A 13-year-old boy walked for 6 hours to get help after family attacked

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Top from left: Dawna Miller, Rhonita Maria Miller and twins Titus and Tiana, Christina Marie Langford Johnson | Bottom from left: Rogan Langford, Howard Miller, Kristal Miller, Trevor Langford Top from left: Dawna Miller, Rhonita Maria Miller and twins Titus and Tiana, Christina Marie Langford Johnson | Bottom from left: Rogan Langford, Howard Miller, Kristal Miller, Trevor Langford
(CNN WIRE) -

After his mother was shot in an ambush near the US-Mexico border, a 13-year-old boy hid his siblings and walked for about six hours to get help, his family said.

Devin Blake Langford hid six of his siblings in bushes and covered them with branches to "keep them safe while he sought help," relative Kendra Lee Miller wrote on a Facebook post Tuesday.

The boy's mother, Dawna Ray Langford, was driving one of three of vehicles that were part of an apparent ambush that left nine women and children dead in Mexico's Sonora state on Monday.

Dawna Langford and the two other mothers were driving each of the three vehicles. They were killed along with four small children and two infants, family member Alex LeBaron said.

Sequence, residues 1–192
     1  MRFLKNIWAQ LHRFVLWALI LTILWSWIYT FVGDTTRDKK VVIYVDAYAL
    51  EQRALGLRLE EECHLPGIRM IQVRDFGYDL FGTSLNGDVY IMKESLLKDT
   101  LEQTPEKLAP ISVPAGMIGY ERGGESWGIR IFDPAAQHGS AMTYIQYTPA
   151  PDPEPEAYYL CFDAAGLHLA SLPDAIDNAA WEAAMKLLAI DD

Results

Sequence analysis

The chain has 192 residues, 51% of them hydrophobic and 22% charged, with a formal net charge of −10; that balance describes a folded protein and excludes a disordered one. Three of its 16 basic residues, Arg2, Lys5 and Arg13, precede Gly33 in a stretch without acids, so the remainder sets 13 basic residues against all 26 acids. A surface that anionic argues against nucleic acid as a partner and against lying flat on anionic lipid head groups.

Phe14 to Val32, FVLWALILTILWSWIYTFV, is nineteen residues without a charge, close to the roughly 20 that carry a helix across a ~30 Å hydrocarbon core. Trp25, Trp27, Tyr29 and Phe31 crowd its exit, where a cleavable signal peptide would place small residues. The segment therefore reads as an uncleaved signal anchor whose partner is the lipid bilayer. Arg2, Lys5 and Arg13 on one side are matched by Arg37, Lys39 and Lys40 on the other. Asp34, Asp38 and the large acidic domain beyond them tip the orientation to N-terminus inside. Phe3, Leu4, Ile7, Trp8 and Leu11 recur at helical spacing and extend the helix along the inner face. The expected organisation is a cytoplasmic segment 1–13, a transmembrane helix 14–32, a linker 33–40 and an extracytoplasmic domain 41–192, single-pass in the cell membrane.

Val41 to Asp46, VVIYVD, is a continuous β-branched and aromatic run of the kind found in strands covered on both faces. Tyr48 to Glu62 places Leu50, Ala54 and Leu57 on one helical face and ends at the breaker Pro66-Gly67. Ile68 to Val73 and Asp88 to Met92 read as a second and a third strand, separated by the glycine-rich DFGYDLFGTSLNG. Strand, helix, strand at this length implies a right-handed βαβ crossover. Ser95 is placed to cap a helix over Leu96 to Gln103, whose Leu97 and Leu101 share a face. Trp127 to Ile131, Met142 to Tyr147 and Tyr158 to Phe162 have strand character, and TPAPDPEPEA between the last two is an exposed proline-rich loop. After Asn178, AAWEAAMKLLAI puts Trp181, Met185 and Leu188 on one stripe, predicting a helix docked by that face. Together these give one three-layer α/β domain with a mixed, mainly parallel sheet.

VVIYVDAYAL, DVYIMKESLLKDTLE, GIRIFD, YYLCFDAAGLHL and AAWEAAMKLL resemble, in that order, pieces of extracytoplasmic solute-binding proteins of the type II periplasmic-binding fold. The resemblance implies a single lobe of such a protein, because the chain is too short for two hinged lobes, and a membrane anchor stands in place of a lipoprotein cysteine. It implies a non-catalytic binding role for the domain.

After seeing his mother and two brothers die, Devin walked about 14 miles to La Mora and relayed the "first news anyone had heard" of the attack, Miller said.

"Devin's uncles armed themselves with guns and returned to try and find the hidden children, knowing many of them were injured. They didn't get far before realizing they would be risking death, since there had been continual shooting for hours, all over the mountains near La Mora," Miller wrote.

(MORE: US child survivors of Mexico ambush saved by courage, mother)

Another family member, Tiffany Langford, confirmed Miller's account about Devin's trekking for help.

Five of the six children that Devin hid were taken to a local hospital and later flown to the US. The sixth child, Devin's 9-year-old sister, went missing after she left in a second attempt to get help.

Relatives and Mexican soldiers found the girl after searching the area for about two hours, Miller said.

Investigators believe the three vehicles were ambushed by criminal groups. Mexican Security Minister Alfonso Durazo said the attack could have been a case of mistaken identity of "conflicting groups in the area."

The victims are part of a Mormon community of about 3,000 members living in Mexico.

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